Friday, January 20, 2006

"Speaking the Truth in times of universal deciet is a revolutionary act."


"Anti-Corridor" Candidates lining up to challenge incumbents

January 20, 2006

The Blackland Coalition Patriot
Copyright 2006

"Political language is designed to make lies sound truthful and murder respectable, and to give an appearance of solidity pure wind." --George Orwell, Author

A number of Central Texas political incumbents at the state and local level are finding themselves challenged by new candidates that are running on a platform of opposition to the Trans-Texas Corridor and TTC-35.

In the Governor's race (Primaries in March)

Rick Perry (R) (incumbent)
Larry Kilgore (R)
Robert "Star" Locke
Rhett Smith (R)
Felix Alvarado (D)
Chris Bell (D)
Bob Gammage (D)
Rashad Jafer (D)
James Werner (L)

Filing as "Independents"

Larry Camp
Richard "Kinky" Friedman
Carole Keeton Strayhorn

The only Governor's office candidates we have been able to con confirm their opposition to TTC-35 are Friedman and Strayhorn.

In State legislative contests, there are a number of contested incumbents as well.

State Representative District 20:
Don Gattis(R) (incumbent)
Jim Stauber (D)
Donald Zrudsky (L)

State Representative District 52:
Mike Krusee (R) (Incumbent)
Barbara Samuelson (R)
Karen Felthauser (D)
Lillian Simmons (L)

"Speaking the Truth in times of universal deciet is a revolutionary act." --George Orwell

© 2006 The Blackland Coalition Patriot


"The rush into this will create some opacity around risk. There will be other shoes to drop ..."

Turning Asphalt to Gold

January 20, 2006

The New York Times
Copyright 2006

In late 2004, Goldman Sachs advised the city of Chicago on the $1.83 billion sale of a 99-year concession for its Skyway toll road. For its work, the firm received a nice $9 million fee. More important, Goldman also got inspiration.

Across the negotiating table was an Australian bank that until recently was little known outside its home country: Macquarie Bank. In recent years, Macquarie has become the envy of Wall Street by buying the rights to operate infrastructure projects including ports, tunnels and airports, as well as toll roads, packaging them in funds and reselling the stock in those funds to the public, minting money at each stage along the way.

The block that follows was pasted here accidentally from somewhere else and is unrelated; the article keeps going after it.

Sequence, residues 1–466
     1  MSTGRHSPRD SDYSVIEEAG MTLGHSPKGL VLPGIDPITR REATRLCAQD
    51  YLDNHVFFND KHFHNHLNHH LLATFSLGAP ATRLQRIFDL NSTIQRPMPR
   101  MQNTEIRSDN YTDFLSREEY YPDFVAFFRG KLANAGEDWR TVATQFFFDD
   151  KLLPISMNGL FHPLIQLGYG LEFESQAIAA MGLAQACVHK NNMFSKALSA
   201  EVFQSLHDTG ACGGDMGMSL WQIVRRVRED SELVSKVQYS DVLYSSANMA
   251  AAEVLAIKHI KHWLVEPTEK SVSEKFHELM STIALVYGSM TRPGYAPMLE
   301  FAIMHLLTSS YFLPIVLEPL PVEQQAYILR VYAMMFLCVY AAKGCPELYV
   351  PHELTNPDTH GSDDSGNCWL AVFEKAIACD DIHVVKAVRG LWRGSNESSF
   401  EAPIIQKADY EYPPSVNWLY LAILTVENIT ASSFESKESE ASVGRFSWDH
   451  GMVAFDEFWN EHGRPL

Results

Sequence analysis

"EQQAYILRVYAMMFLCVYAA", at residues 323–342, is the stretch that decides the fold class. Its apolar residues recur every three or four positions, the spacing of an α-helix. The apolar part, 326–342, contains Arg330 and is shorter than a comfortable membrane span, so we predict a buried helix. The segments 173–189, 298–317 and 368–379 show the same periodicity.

Now Goldman is raising a $3 billion fund to invest in similar public infrastructure deals. Another unit of the bank recently bid on a public-private partnership to run the Dulles Toll Road outside Washington. Mark B. Florian, the municipal finance banker who advised Chicago on the Skyway deal, has moved to New York to oversee the bank's efforts to advise on, invest in and better understand infrastructure assets.

And Goldman is not alone. If imitation is the sincerest form of flattery, the best and brightest of Wall Street are for once not complimenting each other, but an outsider on the rise. Credit Suisse, Merrill Lynch, Morgan Stanley and UBS are all in different stages of exploring how to make money on public infrastructure, both as an adviser to others and as a principal in investing in the deals.

Credit Suisse is looking at how to leverage its expertise in buying real estate and advising on the sale of airports; both UBS and Credit Suisse are trying to gauge whether their big private banking clients would be interested in the assets.

"Before anyone else, Macquarie saw the potential of the U.S. market," said Robert W. Poole Jr., the director of transportation studies at the Reason Foundation, a libertarian research group. "They have the most robust model of highways as a new utility that can be an investor-owned utility like gas and electric utilities."

With local and state governments in the United States in search of ways to increase revenue without raising taxes or issuing bonds, public-private partnerships have recently become a hot-ticket investment idea.

During the last 12 months, more than $20 billion worth of private sector proposals have been submitted to transportation departments from Georgia to Oregon, according to a study by Mr. Poole. Just last night, bankers from Wall Street firms were working late to polish bids for the Indiana Toll Road.

"There's opportunity popping up all over the U.S.," said Greg Hulsizer, chief executive of California Transportation Ventures. In 1991, the company won a concession to build the South Bay Expressway, a 10-mile tollway in San Diego, and it is now owned by a Macquarie fund.

"It's not uncommon to see public-private partnerships for infrastructure around the world, especially in Europe," he said, "Here in the States, it's a new, emerging trend."

Macquarie came into its own only in 1985, when, as a subsidiary of Hill Samuel & Company, a British merchant bank, it received an Australian banking license. It is now a deal powerhouse; in 2004 and 2005, it bought $17 billion worth of global infrastructure assets, according to Thomson Financial.

Its model looks particularly alluring to Wall Street. Using a small capital base, Macquarie acquires giant assets by borrowing other people's money, then packages the assets into funds, which are sold to investors through public offerings or as unlisted funds. Along the way, it makes a killing on fees.